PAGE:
— The modernization of the Budapest-Belgrade railway line is one of the largest infrastructure development projects in the Central European region. An investment of this magnitude requires due care and diligence, in the best interests of the participating countries, while also striving to find the most favorable financing facility available. I can confirm that the cooperation between the partner countries are exemplary and relies on mutual respect and determination to create a corridor of international significance. The respective tender to rebuild the Hungarian section of the rail line between Budapest and Belgrade has been won by a Chinese-Hungarian consortium; construction could start early in 2020 and be completed within five years. A total of 350 kilometers of railways line will be refurbished, with 166 kilometers on the Hungarian side. As a result, the journey time for passenger trains between the two capitals will be reduced to 3 hours, and will offer the fastest freight route between China and the Western half of Europe via the Greek ports. This investment will significantly strengthen Hungary’s and Serbia’s position in the competition for the route along which goods are transported towards Western Europe.
How would you assess cooperation between the two countries when it comes to the rights of minorities?
— The protection of the Hungarian minority’s rights is of outmost importance to the Hungarian government. Overall, there are millions of Hungarians living outside the borders of Hungary, with a sizeable community residing in Serbia. It is our will to support them in leading a successful life in their place of birth – the place they call home – while they should have the means to preserve their national identity. The Serbian government did outstanding efforts to safeguard the rights of the Hungarian minority in Serbia. The minority action plan is the legal basis for all efforts, which also complements the EU accession agenda of Serbia in that field. Furthermore, Hungarians have good representation on all levels of public administration and in politics as well. The rights they enjoy here in Serbia show a good example of coexistence in a region that has a difficult history and a rich ethnic background.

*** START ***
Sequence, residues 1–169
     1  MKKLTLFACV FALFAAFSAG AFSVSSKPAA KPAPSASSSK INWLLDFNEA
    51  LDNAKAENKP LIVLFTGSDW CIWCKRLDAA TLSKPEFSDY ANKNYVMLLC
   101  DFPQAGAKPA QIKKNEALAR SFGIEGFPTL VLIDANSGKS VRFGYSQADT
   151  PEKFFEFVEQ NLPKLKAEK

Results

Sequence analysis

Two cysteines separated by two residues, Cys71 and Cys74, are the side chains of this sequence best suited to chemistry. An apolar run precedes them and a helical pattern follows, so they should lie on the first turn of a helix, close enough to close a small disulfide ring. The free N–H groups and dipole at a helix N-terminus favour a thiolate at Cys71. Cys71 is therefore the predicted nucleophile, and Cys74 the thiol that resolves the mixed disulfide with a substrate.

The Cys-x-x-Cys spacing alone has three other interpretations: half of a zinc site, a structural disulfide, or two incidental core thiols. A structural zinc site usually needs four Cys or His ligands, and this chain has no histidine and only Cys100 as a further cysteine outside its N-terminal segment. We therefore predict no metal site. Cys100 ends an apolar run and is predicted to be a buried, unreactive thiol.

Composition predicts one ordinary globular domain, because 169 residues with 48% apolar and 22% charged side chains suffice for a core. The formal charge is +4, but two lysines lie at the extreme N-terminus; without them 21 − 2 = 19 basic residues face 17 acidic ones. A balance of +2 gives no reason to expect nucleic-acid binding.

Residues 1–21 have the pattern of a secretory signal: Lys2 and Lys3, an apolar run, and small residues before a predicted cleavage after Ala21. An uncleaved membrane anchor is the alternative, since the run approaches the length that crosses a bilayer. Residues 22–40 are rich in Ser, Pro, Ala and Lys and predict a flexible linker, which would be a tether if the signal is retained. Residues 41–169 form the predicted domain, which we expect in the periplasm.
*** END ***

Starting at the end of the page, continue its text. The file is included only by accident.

How do you see our relationship in the future?
— I think that Serbian-Hungarian relations are looking towards a bright future in which our cooperation can extend to even more areas. In the past years, we have built many bridges, now we need to use them for the benefit of both countries. Regular consultations, high-level meetings and expert level coordination will continue in the future. We also hope to organize the joint session of the two governments in 2020 as well. At the same time, I am optimistic that we can contribute even more to the EU accession agenda of Serbia. It is our firm belief that the negotiations should move forward in a quicker pace and we offer our support in that venture. Finally, yet importantly, our rapidly growing bilateral trade and investment agenda will also open up a new perspective for the benefit of both parties. Hungary considers Serbia a strategic partner and that is why we wish to invest more in the country and build new connections for the better exchange of goods and services.